Do you know the critical role that numbers and data play in diagnosing and treating some of the world's most serious health issues and diseases? Three Abbott data scientists — Krista Birch, Jessica Tower and Cierra Hall — are sharing their experience in working in a field that is highly driven by analytical data to ultimately provide better products to people around the world.
Discover what inspired them to pursue STEM fields, how their work is helping people make better health decisions, and what you can do now if you're interested in creating positive change through a career in STEM.
Discovering the possibilities
It took time for Krista, now a principal data analyst with Abbott’s diagnostics research and development team, to discover her calling. Enchanted by the oceans and sea creatures she learned about in school and on television, she wanted to be a marine biologist. As she was making her college plans, a good heart to heart talk with her dad about that lifestyle opened her eyes to the fields of statistics and genetics. "I realized I always had a passion for discovery through data," she explains. What's more, Krista started a part-time job in a lab around the time HIV was becoming a global health crisis, which helped her realize she wanted to pursue a career where she could help others.
Jessica, a principal data scientist with Abbott’s advanced algorithms team, chose a career that reflected the values of her parents. “I wanted to find a career path that allowed me to help others while continuously learning,” Jessica says. A career in chemical engineering in the healthcare industry was a logical path. Jessica saw math and science as fields that were constantly evolving and bringing solutions to so many different aspects of people’s lives.
For Cierra, a senior quality engineer with Abbott’s diagnostics team, it was the realization that math could help people understand the world around them that led her to bioengineering. "I was fascinated at the complexity of even the smallest organisms. Something as simple as pond scum is so interesting if you look at it under a microscope," she remembers.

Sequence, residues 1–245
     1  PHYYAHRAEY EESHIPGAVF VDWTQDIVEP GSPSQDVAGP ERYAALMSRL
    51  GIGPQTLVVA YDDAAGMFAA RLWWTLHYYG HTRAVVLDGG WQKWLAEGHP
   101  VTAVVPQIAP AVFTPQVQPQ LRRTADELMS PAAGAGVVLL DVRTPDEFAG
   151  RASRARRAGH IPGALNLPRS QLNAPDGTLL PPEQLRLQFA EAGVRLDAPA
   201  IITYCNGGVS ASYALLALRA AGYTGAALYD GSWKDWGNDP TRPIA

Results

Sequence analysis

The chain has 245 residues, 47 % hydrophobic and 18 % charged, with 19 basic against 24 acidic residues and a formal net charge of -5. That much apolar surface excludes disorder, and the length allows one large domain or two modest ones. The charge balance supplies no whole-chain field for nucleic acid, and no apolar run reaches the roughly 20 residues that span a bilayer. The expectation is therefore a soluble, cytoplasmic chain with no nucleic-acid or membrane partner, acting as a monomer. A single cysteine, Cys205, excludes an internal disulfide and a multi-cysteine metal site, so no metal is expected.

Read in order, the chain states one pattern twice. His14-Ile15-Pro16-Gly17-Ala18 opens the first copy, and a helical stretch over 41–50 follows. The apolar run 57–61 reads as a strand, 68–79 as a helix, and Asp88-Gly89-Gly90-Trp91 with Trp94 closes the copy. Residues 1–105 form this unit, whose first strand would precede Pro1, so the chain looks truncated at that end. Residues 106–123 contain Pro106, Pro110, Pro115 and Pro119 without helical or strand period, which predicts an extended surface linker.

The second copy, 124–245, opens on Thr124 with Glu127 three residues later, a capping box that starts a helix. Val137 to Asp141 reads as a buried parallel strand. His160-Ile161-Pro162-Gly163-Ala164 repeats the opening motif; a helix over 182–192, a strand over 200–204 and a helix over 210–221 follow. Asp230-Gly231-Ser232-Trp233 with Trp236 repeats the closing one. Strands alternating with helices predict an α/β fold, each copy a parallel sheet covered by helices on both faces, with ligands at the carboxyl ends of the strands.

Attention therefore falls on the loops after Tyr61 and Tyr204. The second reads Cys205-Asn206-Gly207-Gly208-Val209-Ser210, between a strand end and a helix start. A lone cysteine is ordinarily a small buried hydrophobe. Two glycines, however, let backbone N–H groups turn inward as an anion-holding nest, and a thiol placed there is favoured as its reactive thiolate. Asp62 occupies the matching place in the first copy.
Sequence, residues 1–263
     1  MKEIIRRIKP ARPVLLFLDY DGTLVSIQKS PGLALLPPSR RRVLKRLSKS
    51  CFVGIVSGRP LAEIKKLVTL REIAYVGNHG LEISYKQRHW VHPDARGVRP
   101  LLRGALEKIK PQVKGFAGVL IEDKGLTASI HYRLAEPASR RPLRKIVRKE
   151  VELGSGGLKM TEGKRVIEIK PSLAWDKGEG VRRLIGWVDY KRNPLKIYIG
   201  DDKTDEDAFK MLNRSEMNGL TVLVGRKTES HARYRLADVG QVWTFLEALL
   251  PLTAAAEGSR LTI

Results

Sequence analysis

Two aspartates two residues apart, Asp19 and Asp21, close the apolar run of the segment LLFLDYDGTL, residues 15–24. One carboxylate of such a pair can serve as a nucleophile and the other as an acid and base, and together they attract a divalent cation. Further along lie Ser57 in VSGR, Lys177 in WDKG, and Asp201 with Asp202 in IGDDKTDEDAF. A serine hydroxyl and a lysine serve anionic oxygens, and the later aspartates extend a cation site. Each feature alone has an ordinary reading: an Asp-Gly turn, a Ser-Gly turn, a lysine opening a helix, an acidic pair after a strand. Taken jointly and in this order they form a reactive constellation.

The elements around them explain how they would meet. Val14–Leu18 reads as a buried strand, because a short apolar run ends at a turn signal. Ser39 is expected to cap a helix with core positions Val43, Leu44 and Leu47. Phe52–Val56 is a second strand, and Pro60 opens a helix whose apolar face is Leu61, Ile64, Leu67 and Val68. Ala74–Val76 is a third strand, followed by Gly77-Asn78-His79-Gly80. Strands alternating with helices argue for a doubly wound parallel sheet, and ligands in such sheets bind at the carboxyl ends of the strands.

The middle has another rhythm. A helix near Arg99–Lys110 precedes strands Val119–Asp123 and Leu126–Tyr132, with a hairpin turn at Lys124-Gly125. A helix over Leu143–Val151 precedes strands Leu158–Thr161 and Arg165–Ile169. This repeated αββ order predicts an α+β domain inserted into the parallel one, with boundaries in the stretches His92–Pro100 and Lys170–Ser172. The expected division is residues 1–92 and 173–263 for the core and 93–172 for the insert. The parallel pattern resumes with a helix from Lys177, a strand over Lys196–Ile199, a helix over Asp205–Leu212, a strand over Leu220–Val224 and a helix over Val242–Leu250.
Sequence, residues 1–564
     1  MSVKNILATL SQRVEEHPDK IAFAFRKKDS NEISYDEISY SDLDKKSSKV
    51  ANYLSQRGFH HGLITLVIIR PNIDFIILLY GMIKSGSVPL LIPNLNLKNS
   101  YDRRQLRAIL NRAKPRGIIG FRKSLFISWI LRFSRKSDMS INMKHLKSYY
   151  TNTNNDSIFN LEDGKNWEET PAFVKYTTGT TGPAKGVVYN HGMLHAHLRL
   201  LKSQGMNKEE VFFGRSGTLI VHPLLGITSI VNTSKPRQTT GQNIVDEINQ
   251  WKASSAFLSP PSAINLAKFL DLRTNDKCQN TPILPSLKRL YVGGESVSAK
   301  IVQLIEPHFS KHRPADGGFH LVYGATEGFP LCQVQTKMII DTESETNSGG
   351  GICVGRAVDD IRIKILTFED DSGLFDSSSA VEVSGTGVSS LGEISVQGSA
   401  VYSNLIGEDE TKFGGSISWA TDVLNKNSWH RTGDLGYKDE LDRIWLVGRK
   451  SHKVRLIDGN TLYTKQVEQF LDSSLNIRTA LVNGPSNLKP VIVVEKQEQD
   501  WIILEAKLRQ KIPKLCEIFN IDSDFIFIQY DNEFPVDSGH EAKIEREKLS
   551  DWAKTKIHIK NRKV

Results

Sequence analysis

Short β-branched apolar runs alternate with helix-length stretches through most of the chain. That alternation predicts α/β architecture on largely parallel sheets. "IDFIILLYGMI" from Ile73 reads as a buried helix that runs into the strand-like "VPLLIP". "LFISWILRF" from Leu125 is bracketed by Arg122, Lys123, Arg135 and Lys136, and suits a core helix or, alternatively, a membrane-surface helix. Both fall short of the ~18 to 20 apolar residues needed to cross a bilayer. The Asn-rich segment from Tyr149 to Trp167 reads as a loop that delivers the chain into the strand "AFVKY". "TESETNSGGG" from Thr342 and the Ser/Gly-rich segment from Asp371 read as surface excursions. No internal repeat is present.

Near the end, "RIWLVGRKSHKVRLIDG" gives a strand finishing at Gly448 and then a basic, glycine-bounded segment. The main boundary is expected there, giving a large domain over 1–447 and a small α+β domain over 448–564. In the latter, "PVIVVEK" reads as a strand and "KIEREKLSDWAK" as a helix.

Though all of their careers involve math, one of the major misconceptions, Krista says, is "that you have to be a math genius. For what I do, a fundamental understanding and affinity for statistics will set you in the right direction."
"It’s easy to feel that trigonometry and geometry in high school is abstract and boring," Cierra admits. "Someone told me once, 'You don't have to love that class; you just have to get through it.' I'm glad I did because it was an important building block to more advanced math classes. All the different math classes I’ve taken have helped me to understand how to analyze data and implement algorithms that are fundamental to my work now."
Using math to help save lives
For all three data scientists, persistence through their math, statistics, and science classes has paid off. Working on Abbott’s diagnostics team, Cierra, Jessica and Krista all use math daily, in a variety of ways.
One of Cierra's major tasks is setting quality control specifications on the Alinity and ARCHITECT platforms. These platforms are diagnostic instruments that run tests for laboratories, hospitals and blood centers in select markets. They can test a patient sample, such as blood, urine or cerebrospinal fluid, to detect whether there are markers for inflammatory disorders or cancer, or the presence of proteins or drugs.
"Treatment decisions, such as whether or not to change a patient's course of care, are often influenced by diagnostic test results," Cierra says. "They're also used by blood centers to make sure the blood supply remains safe for patients receiving donated blood." For these reasons, it's extremely important that the instruments she works on are calibrated correctly for accurate results and that the products they use are stable until their expiration date.